This genus comprises about two hundred species, a few shrubby, many herbaceous and a large number annuals. The dwarf annuals are very useful for bordering flower-beds and for forming a ground-work for tall-growing specimens, for instance, a bed of the tall-growing scarlet-flowered Lobelia cardinalis with a carpet or ground-work of the dwarf blue Lobelia speciosa, making a charming combination.
They are all easily grown and thrive in any garden soil. The cardinalis type should be planted about one foot apart and the speciosa six inches apart.
The annual species are raised from seeds sown under glass; the seeds should be sown, in February, in soil composed of half leaf-mold and half light loam with enough sand to keep the compost open, the soil barely covering the seeds. The seeds being very fine, the soil for covering them should be sifted through a fine sieve. Place the pots or boxes where they have a little bottom heat; when the young seedlings are large enough to be handled, prick them out three inches apart in boxes and return them to a place with the same temperature for two weeks, when they may be placed in a cold frame and gradually hardened off, then placed out of doors until April or May, when they should be planted where they are to flower.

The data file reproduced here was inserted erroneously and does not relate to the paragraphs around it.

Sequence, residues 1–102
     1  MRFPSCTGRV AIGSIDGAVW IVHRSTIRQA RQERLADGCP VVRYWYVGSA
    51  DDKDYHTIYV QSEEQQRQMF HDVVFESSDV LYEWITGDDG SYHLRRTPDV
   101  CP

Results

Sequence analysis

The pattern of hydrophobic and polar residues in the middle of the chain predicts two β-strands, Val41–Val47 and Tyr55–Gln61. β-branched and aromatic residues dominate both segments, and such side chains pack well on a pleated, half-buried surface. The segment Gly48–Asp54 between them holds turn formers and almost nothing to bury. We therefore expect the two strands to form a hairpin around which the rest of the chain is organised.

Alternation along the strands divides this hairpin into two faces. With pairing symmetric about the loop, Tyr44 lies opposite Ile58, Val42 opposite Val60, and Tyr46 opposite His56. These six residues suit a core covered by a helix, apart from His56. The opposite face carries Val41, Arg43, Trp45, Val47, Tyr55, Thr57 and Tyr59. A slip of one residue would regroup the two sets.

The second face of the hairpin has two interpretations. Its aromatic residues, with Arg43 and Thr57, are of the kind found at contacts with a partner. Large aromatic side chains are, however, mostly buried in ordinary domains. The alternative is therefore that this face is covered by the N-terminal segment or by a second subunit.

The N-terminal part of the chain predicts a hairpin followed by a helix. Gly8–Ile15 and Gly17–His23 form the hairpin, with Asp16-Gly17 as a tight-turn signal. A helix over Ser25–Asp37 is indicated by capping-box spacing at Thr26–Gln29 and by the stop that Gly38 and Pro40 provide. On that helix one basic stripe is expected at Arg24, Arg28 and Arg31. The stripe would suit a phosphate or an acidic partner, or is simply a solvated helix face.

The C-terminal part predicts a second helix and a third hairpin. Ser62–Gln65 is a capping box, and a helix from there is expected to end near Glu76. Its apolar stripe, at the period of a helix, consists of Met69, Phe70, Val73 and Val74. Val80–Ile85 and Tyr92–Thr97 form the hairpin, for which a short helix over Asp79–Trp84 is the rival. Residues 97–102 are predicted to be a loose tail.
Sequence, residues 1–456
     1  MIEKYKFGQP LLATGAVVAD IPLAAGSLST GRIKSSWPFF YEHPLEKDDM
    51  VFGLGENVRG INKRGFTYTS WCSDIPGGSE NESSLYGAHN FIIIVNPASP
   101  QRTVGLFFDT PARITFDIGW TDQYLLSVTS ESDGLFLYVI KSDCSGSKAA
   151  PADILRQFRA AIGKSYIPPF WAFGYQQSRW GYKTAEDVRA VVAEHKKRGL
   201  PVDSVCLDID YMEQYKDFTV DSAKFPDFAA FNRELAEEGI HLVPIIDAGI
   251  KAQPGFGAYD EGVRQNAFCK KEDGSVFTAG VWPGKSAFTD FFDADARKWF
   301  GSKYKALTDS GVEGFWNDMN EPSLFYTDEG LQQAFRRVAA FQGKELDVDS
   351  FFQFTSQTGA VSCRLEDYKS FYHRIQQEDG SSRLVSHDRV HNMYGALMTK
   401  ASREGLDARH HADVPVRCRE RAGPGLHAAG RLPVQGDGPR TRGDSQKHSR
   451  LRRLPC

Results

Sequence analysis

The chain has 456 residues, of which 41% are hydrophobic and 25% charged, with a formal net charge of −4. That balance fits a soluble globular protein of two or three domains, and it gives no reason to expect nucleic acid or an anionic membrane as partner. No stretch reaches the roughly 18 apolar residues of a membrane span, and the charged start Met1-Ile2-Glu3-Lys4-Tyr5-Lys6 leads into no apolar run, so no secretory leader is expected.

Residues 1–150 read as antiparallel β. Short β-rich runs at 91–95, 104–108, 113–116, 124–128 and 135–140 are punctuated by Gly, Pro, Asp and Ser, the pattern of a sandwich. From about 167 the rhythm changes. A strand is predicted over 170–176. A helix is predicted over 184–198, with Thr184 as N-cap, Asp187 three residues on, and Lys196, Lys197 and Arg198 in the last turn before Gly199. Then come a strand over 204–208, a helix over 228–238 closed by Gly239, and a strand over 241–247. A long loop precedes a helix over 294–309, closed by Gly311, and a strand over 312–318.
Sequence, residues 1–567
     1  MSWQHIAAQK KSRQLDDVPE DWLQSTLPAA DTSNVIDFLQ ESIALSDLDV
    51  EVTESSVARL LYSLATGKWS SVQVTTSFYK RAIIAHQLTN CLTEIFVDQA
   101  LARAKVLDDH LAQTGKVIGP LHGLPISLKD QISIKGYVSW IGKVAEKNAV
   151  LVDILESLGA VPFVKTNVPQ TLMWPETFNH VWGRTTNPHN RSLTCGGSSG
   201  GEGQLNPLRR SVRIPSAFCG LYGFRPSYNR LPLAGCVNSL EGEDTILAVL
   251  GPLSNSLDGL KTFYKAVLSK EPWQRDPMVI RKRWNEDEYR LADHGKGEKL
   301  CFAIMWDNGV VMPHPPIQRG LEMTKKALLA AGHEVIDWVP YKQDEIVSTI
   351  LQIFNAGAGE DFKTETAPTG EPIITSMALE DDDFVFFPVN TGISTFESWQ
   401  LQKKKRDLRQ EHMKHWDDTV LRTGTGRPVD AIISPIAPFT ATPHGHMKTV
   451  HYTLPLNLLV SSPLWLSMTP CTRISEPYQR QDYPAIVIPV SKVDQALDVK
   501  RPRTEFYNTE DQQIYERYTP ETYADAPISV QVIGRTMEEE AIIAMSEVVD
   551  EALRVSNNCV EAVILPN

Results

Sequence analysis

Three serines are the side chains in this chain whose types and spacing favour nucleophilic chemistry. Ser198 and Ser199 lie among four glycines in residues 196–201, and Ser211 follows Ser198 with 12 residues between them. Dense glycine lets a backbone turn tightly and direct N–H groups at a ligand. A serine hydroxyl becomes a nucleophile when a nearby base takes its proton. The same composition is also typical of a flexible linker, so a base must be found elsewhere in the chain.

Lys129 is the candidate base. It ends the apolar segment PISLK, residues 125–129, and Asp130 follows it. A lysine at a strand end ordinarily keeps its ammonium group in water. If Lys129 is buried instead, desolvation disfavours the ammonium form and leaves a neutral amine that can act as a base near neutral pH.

The Lobelia cardinalis type may also be raised from seeds, but they are generally increased by dividing the roots. This should be done in February or March.